“I should notice and dwell on those points where I felt greater consolation or desolation, or had a greater spiritual experience.” - Spiritual Exercises #62
St Ignatius of Loyola advises anyone who prays to go back to a significant experience in prayer to listen deeper or look longer for what God may further reveal. It is easier for me to heed this counsel particularly with consolation (e.g. peace, love, joy or obvious grace). It’s the experiences of desolation (e.g. sadness, disappointment, pain or obscure grace) that I find difficult to stay with.
In the past month, I have been taught to stay with obscure grace. Albeit blessed in many ways, I left World Youth Day in Madrid with sadness. For reasons that I cannot adequately describe, I felt sad that opportunities to engage young people, particularly young adults, were missed. Many longed for a deeper connection with God. As I tried to pay attention to this sadness, I began to discover that my feelings echoed those of Jesus. As in the passage in Mark 6:34, Jesus was moved with compassion because the people were like sheep without shepherd. It even felt poignantly painful at times. Since I was uncomfortable with these difficult feelings, I avoided them in prayer (or when they surfaced inconveniently at other times).
However, my wise spiritual director challenged me to return to Jesus’ sadness. To listen more. It was not easy, nor was I that generous with God. Nevertheless, I did try, frequently confessing to the Lord that I really didn’t want to. Gradually, something surprising happened. The sadness subsided and turned into gladness, a joy deeper than the sadness. As this joy unfolded, something else emerged. I noticed an invitation to engage this unmet need among young adults for a deeper connection with God. Not only was it deeper than what I have noticed these past several years, I had a clear sense that it came from God and not from me. The Lord wanted me to join in this endeavor. I saw in his eyes, full of trust and confidence. He wanted me as companion, partner, friend-in-mission. I am unable to put it into words, but this sense is clearer to me than daylight, than my own solid body, than anything I can see with my physical eyes. This sense of Christ’s trust and confidence has been deepening in me throughout these past two weeks. Its poignancy surpasses the sadness I felt previously. At several occasions on the Discover U retreat this past weekend with college students from Toronto, Montreal and Syracuse, NY, tears of joy flowed freely, as I found resounding from within, “who am I that You trust so much to serve Your young people?” In the openness of my small group as well as others on retreat, I felt a trust that humbled me.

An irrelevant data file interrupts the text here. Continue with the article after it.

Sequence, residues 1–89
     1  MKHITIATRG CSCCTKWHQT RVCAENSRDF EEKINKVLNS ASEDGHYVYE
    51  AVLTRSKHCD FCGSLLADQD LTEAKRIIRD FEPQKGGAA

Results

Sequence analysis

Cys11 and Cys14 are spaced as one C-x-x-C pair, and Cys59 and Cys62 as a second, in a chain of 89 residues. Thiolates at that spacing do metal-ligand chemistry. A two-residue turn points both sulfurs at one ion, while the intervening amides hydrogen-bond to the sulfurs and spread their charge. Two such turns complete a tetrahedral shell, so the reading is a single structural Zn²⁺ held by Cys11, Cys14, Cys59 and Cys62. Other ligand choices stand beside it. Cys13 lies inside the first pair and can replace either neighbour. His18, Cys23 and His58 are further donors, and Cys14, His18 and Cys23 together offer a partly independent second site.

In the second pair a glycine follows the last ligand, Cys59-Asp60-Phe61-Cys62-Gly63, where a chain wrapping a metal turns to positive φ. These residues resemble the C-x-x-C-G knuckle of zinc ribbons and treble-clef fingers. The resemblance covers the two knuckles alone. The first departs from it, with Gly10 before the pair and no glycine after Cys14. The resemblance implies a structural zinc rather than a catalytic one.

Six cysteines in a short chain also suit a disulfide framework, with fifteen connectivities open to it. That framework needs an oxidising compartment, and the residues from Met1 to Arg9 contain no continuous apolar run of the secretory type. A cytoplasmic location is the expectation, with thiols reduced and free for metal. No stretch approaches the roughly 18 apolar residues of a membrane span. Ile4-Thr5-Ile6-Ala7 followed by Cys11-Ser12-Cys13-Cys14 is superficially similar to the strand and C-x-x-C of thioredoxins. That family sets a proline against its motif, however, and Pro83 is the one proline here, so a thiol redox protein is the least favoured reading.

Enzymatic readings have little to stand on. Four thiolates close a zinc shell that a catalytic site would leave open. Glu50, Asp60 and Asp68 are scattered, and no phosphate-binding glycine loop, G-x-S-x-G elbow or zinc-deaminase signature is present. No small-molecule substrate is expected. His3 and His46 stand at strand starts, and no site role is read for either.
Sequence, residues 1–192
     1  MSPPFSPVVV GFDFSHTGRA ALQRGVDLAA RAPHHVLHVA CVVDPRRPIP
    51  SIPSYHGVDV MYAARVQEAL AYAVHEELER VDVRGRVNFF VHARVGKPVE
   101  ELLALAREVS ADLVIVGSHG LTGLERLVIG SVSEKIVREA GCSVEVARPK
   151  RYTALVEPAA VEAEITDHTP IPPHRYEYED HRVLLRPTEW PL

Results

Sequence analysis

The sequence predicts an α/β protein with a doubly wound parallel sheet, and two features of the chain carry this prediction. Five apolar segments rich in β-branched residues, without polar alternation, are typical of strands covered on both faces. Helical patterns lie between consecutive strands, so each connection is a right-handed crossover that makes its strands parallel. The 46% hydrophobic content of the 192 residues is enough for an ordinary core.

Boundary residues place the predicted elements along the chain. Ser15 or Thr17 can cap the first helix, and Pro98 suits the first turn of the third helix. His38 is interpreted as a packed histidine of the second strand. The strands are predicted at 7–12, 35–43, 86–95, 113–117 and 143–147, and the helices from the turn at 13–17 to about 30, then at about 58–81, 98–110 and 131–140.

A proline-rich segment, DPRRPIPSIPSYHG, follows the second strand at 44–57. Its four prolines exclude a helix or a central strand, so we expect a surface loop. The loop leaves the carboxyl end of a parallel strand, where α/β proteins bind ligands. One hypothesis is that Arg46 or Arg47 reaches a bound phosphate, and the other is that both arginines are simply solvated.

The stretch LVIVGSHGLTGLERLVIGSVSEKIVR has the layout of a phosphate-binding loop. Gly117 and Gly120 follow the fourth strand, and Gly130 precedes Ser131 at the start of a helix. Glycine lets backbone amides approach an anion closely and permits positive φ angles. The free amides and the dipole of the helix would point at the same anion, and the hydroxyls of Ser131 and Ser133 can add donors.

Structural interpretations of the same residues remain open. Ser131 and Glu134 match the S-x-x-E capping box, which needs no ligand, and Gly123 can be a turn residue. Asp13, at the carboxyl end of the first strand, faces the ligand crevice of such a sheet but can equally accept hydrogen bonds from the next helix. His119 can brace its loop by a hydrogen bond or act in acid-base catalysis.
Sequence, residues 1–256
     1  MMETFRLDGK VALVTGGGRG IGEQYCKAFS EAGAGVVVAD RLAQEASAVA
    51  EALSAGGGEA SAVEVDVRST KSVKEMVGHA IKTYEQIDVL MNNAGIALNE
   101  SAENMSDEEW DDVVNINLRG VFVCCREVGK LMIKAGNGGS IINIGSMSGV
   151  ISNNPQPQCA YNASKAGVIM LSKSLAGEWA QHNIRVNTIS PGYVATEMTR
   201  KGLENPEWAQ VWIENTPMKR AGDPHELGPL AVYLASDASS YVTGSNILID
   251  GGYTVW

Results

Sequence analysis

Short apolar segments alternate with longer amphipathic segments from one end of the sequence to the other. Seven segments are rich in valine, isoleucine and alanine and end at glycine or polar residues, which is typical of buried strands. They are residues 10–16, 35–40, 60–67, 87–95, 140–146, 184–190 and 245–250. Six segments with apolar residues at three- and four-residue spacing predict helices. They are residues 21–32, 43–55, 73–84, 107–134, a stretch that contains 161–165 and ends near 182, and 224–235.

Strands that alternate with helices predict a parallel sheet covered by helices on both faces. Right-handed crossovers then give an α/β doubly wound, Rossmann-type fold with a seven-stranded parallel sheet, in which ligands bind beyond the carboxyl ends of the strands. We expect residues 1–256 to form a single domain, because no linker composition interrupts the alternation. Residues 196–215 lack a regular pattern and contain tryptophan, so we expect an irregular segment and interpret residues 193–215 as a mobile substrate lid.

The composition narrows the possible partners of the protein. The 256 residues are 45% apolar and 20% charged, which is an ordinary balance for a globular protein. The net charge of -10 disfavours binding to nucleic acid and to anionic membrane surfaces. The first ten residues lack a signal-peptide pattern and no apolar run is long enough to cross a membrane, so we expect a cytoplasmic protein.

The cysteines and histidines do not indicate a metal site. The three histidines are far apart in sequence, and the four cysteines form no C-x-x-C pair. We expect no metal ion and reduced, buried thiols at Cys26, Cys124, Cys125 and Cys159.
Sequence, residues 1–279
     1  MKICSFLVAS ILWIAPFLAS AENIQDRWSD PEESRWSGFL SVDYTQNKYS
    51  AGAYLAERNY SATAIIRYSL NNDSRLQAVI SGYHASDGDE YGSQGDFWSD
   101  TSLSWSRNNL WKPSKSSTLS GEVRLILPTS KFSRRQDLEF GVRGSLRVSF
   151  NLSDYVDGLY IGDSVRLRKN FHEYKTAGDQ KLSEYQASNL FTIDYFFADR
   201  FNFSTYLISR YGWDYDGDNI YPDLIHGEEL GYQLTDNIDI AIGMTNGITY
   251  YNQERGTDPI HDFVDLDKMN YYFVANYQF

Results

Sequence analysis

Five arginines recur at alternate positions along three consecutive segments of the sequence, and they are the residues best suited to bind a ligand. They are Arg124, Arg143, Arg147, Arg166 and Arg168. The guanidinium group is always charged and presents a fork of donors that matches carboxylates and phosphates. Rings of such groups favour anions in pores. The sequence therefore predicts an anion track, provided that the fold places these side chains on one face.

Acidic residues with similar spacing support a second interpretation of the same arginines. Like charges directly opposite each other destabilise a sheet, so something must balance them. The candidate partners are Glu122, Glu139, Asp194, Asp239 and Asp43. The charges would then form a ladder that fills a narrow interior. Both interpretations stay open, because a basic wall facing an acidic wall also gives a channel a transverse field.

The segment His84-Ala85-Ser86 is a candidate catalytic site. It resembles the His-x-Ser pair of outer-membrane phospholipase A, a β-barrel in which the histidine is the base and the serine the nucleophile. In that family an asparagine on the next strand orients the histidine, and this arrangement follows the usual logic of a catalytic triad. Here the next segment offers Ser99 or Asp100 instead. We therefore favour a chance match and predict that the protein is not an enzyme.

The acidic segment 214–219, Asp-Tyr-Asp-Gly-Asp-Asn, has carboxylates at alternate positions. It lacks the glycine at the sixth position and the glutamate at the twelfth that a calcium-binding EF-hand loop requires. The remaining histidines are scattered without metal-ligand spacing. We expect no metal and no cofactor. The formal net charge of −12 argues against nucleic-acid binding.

I realize that what I describe may seem strange to some of you. Perhaps thoughts like this may have crossed your mind: “I am not holy like that … I cannot pray like that … I am not a priest … or weird like that, etc…” Fair enough. Yet, I suspect that most of you have had a similar experience like this: in looking back at a painful experience, with God or focusing on Jesus’ presence, you understood things more positively, in a more life-giving light. Pain and hardship gradually gave way to a deeper peace or greater meaning. Some of the most painful moments of my childhood, when revisited with Jesus and turning to look at him when I suffered, gradually become carriers of grace. They become “wounds of love,” to quote St John of the Cross. An in-breaking of the Paschal Mystery.
Let us stay with grace. Let us savor the consoling moments in our life at this time. Let us wait where things seem difficult or painful, and turn to Christ. The God of surprises will work wonders in our hearts and lives.